Despite its near-standard looks, this gleaming two-door Classic is a unique machine, thanks to a history with one of the greatest bands in history, and its bespoke conversion by the company that later became Overfinch.
Originally commissioned by Led Zeppelin’s manager Peter Grant, the 1981 Range Rover was intensively modified by aftermarket specialist Schuler.
What is a Schuler Range Rover?
Schuler was the forerunner of Overfinch, a name known for modified go-faster Range Rovers (and lately for more design-focused upgrades across the full Land Rover stable). The name changed in 1985, and up until then Schuler UK was a British arm of a German parts supplier. It had started offering performance enhancements for Range Rovers from 1975.
The engine in the ex-Led Zeppelin Schuler is the familiar 3.5-litre Rover V8, breathed upon by Schuler, with a different camshaft, freer flowing exhaust and tweaked distributor timing achieving an extra 40bhp.
The firm introduced a 4x4 system by Ferguson Four (of Jensen FF fame) in order to couple the V8 with an automatic gearbox – something which was not available from Land Rover at the time. Together with the addition of an ABS system by Maxaret costing £1495 (over £8000 in today’s money) the package of upgrades virtually doubled the cost of the base vehicle.
Schuler Range Rovers are extremely rare. Unique touches for this particular 1981 example include a top-of-the-range sound system with Pioneer TS202 speakers and CD changer, and of course those Wolfrace Slog Mag alloy wheels.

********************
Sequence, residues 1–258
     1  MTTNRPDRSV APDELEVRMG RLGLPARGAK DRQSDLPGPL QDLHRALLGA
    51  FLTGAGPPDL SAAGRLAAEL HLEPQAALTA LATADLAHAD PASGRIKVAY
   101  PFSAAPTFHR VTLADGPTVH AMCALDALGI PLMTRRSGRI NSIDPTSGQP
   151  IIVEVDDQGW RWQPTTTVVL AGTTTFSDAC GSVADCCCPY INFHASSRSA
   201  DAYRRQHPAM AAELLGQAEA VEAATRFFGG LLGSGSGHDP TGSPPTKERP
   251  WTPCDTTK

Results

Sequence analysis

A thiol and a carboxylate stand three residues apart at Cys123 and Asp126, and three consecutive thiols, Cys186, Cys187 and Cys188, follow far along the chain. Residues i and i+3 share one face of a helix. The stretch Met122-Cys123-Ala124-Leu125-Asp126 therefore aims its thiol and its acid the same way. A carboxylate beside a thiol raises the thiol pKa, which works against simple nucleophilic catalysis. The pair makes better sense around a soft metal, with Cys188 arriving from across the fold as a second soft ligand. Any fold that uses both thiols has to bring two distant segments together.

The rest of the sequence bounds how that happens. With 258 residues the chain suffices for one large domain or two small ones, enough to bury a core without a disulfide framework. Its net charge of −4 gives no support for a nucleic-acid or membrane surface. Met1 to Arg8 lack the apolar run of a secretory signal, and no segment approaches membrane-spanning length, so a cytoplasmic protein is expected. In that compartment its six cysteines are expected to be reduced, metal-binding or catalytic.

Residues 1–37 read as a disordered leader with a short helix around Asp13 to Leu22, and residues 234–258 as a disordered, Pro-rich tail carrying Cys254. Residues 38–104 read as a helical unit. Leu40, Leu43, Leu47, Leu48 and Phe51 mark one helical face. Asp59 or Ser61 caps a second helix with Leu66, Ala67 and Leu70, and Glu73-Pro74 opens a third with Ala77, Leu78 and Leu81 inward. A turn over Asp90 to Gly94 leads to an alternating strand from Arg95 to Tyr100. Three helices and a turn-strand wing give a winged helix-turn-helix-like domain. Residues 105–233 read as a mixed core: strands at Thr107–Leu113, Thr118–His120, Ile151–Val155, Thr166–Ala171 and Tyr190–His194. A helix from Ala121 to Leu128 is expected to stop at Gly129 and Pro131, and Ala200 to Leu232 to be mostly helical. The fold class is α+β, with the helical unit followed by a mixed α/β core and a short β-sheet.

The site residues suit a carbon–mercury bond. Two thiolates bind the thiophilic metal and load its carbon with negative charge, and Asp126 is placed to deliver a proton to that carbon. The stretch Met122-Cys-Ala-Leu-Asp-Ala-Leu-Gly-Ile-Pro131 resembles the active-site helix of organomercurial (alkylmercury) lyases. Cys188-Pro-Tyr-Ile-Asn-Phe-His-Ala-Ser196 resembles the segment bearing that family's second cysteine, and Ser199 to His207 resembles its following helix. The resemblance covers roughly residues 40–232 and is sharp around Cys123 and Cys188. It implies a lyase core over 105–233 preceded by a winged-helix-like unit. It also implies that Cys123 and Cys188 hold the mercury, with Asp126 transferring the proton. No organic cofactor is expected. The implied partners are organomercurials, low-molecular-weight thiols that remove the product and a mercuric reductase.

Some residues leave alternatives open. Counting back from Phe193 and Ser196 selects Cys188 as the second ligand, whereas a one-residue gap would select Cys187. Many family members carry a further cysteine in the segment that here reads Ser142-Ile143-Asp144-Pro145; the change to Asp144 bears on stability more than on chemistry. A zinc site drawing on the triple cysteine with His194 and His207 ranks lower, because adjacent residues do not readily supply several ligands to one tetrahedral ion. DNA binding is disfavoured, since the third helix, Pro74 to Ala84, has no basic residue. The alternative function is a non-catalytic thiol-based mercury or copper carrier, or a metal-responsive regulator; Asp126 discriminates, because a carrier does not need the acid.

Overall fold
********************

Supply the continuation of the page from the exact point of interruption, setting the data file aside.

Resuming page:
Current owner Kieron Maughan of Rockstar Cars tells us: ‘This car had all of the features we now know as Range Rover luxuries, long before the ‘In Vogue’ edition was created, making it a prototype Vogue if you like.’
Restoration of the ‘Led Zep’ Range Rover
We featured the car in print in 2015, not long after Kieron had acquired and recommissioned it. He’s been piecing together its history ever since, and recently treated the car to a professional strip-down.
‘It was given Ziebart rust protection from new, so in two-door Range Rover terms it was well preserved and the chassis was very good,’ Kieron tells us. ‘We had to replace a few panels, sills and the spare wheel well, but we repaired where we could to keep it as original as possible.'
The Pioneer speakers were also restored, and although the original head unit has been lost, the original amplifier remains.
'Classic Bodyworx were responsible for the bodywork and respray, and did an ace job of preserving the originality,’ Kieron says.
3D printing was used to create unobtainable pieces of trim around the lower parts of the door apertures: part numbers 390636, 390631, 390632 and 390637. ‘Jay from Jabawoki scanned and remodelled the item, redesigning the four components to fit with modern 3D resin printing methods. Jay is very experienced in what he does, so worked with a number of different materials before selecting this particular type of resin print for the particular conditions of a heavy door being repeatedly slammed on it.’
Custom stickers were required for the original Wolfrace alloys, as all the existing ones on the market were too small. Kieron used and recommends Andy from SDS Race Graphics.
‘The trim was kept as original as possible, and Famous Four came to the rescue a number of times,’ says Kieron.